A 46 year old man without significant medical history was admitted with acute onset of a slight right sided weakness and global aphasia. The symptoms were fluctuating. The neurological examination disclosed no additional deficits. Computed tomography (CT) scans demonstrated lesions of the left temporal lobe and the paraventricular white matter, which were initially interpreted as middle cerebral artery (MCA) infarction (fig 1A, 1B). Because of claustrophobia the patient refused magnetic resonance imaging (MRI). Doppler sonography of the extracranial and intracranial arteries revealed no stenosis, occlusion, or dissection. Transoesophageal echocardiography, 24 hour Holter monitoring, and blood screens for coagulopathies were completely normal. The symptoms subsided within 10 days to a mild mixed aphasia and the patient was dismissed with clopidogrel. Five days later the aphasia worsened again and the patient developed a right sided hemiparesis. A CT follow up scan disclosed a progressive lesion extending from the left temporal region to the left operculum and the left paraventricular white matter. Transcranial duplex sonography of the cerebral arteries now revealed narrowing of the trunk of the left MCA. Cerebral angiography showed narrowing of the sphenoidal, insular and opercular parts of the left MCA and occlusion of the left temporal arteries at the MCA bifurcation (fig 1C). No pathological vessels indicating a tumour were observed. Repeated cerebrospinal fluid examinations showed mild lymphocytic pleiocytosis (15 cells/μl) but no specific germ or tumour cells. Despite negative results of serological examinations an isolated vasculitis of the CNS seemed still possible and the patient received subsequently on a trial basis a treatment with corticosteroids leading to a temporary improvement of the condition over six weeks. Because of fluctuating symptoms and clinical deterioration MRI was conducted under general anaesthesia seven weeks after readmission. In addition to the known infarctions it showed a hyperintense temporal lesion with gadolinium enhancement, suggesting a neoplasm (fig 1D). The patient underwent subtotal removal of the tumour via right frontotemporal craniotomy. The postoperative course was uncomplicated. Neuropathological examination revealed a malignant brain tumour presenting a biphasic tissue pattern with gliomatous and mesenchymal components. Gliomatous areas showed typical features of a glioblastoma with remarkable nuclear atypia, ischaemic necroses, increased mitotic index, and glial fibrillary acidic protein (GFAP) expression. The mesenchymal component consisted of areas with densely packed long bundles of spindle cells in a storiform pattern. Immunohistochemically the cells of this section expressed vimentin and were surrounded by a dense network of reticulin fibres as typical features of sarcomatous cells. Within the gliomatous section GFAP positive tumour cells infiltrated the whole adventitia and muscle layer up to the intima of one large blood vessel (fig 2). Whether the vessel is venous or arterial is difficult to determine because of the deep infiltration of the tumour cells into the wall. Although the vessel is related to a necrotic area, a complete occlusion was not seen. The tumour was classified as a gliosarcoma (WHO grade IV). Additionally, the patient received 60 Gy of radiation therapy. Eight months later he died. The relatives refused a postmortem examination.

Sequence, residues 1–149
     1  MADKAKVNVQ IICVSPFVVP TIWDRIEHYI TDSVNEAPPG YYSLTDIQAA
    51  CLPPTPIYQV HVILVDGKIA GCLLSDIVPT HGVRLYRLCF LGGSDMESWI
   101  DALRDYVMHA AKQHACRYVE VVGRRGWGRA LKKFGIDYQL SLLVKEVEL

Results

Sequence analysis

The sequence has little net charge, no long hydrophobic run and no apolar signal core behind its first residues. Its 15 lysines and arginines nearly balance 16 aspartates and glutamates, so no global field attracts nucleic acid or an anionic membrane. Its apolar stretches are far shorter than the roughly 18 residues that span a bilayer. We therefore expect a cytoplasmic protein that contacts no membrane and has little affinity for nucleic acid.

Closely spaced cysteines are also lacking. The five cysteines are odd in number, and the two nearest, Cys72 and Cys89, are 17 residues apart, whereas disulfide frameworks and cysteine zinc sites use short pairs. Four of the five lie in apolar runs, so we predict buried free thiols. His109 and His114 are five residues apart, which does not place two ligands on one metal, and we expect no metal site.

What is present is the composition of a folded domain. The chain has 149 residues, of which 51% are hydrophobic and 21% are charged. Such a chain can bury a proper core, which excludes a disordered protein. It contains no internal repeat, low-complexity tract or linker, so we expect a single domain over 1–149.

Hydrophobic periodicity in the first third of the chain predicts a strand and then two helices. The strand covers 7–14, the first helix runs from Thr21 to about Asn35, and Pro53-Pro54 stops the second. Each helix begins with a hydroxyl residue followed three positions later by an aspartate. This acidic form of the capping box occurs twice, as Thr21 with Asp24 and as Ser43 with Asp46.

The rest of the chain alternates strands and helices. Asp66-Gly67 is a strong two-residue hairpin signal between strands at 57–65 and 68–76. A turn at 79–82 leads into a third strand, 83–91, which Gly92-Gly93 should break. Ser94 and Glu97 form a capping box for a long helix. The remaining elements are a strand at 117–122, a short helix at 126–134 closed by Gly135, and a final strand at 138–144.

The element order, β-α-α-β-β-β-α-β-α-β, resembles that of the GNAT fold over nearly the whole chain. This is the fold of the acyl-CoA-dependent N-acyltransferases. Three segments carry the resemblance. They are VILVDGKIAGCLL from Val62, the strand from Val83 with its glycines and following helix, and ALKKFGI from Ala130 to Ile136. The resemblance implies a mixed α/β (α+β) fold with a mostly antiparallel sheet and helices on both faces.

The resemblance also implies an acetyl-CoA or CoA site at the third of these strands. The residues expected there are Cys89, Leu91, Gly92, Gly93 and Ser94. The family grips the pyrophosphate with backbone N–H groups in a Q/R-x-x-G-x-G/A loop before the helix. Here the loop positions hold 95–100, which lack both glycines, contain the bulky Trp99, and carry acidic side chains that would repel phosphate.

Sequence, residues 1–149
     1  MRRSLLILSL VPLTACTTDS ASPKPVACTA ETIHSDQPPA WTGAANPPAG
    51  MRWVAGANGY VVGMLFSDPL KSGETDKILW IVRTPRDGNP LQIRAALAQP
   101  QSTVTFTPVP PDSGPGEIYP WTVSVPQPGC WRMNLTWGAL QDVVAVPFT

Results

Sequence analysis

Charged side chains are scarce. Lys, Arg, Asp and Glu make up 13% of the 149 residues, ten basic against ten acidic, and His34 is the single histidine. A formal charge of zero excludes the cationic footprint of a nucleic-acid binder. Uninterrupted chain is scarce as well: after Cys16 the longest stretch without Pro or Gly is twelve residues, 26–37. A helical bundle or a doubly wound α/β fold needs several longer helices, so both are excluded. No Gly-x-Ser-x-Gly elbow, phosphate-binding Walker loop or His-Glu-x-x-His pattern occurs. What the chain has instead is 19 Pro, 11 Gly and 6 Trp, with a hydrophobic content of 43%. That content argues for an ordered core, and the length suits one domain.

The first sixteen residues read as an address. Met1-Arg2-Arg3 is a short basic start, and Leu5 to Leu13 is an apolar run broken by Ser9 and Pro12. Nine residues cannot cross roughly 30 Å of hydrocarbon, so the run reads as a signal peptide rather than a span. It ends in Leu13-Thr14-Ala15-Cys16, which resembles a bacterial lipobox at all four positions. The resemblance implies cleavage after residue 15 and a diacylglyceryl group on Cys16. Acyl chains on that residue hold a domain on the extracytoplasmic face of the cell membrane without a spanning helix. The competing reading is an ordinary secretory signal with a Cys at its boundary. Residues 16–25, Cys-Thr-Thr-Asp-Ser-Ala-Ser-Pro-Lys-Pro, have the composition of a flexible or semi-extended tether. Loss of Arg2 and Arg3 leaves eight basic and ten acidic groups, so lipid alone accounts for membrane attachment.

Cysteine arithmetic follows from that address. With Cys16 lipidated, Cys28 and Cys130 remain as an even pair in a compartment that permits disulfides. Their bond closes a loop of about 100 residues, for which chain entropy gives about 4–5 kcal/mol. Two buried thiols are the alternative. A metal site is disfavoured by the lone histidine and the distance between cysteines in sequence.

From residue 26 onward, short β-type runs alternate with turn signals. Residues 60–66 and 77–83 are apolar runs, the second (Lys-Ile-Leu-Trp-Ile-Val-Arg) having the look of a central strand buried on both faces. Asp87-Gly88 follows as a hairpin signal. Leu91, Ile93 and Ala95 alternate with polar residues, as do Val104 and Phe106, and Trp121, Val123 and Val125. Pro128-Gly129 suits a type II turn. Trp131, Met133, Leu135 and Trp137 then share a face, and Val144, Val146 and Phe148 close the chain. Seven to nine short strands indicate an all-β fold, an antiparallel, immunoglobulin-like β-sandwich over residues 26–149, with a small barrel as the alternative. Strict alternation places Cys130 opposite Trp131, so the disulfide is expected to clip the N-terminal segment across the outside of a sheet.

Figure 1

Neuroradiological findings. (A, B) Cranial CT scans two days after onset of symptoms show small hypodense lesions of the left centrum semiovale (arrows). (C) Posteroanterior view of a left carotid arteriogram three weeks after onset of symptoms revealed stenosis and occlusion of the left temporal artery (arrow). (D) MRI scan six weeks after onset of symptoms reveals a hyperintense lesion of the left temporal lobe in the T1 weighted image with contrast enhancement, (arrow) right sided developmental venous anomaly.

Figure 2

Tumour specimen immunohistochemically stained with antibody against GFAP. The large vessel (inner diameter 0.16 mm) is infiltrated by GFAP positive gliomatous tumour cells, but not occluded. Pleomorphic tumour cells were apparent in the adventitia and media of the vessel wall, (*) necrotic area.

DISCUSSION

The sudden onset of clinical symptoms and the hypodense lesions in the CT scans (fig 1A, 1B) were initially considered as a “classic” ischaemic stroke. The recurrent infarctions and the mild lymphocytosis of the cerebrospinal fluid, the narrowing of MCA branches in the cerebral angiography (fig 1C) as well as the clinical stabilisation under corticosteroid treatment over six weeks were suggestive of a cerebral vasculitis. The lack of typical signs made it difficult to diagnose a malignant tumour. Moreover, the claustrophobia of the patient made it impossible to conduct MRI, initially.

It has occasionally been observed that gliomatous cells are able to invade the arterial wall and may induce weakening of the wall leading to arterial dilatation or rupture.8,9 However, gliosarcoma is an uncommon malignant brain tumour with mixed glial and mesenchymal elements. The neuropathological examination of the presented case demonstrated the invasion of the wall of a major blood vessel by partially necrotic gliomatous tumour cells (fig 2). Tumours usually develop more irregular vessels. Thus, we argue that this vessel is not a tumour neovascularisation but a pre-existing blood vessel. The authors propose a haemodynamically induced low flow infarction attributable to compression and progressive occlusion of MCA branches by tumour cells.10 Although the intima of the observed vessel was intact in other sections a breach of the intima may induce vascular thrombosis and arterio-arterial embolism. This is the first reported stroke resulting from invasion of the wall of intracranial arteries by gliomatous cells of a gliosarcoma. The reason why a small subgroup of malignant gliomas becomes primarily symptomatic by infiltrating the walls of the blood vessels instead of the extending volume remains to be explained.

In conclusion, tumour infiltration of major intracranial blood vessels by malignant gliosarcoma can cause ischaemic infarction. In early stages of the disease it can be a difficult but important differential diagnosis for recurrent cerebral infarction.

REFERENCES

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Footnotes

  • Competing interests: none declared.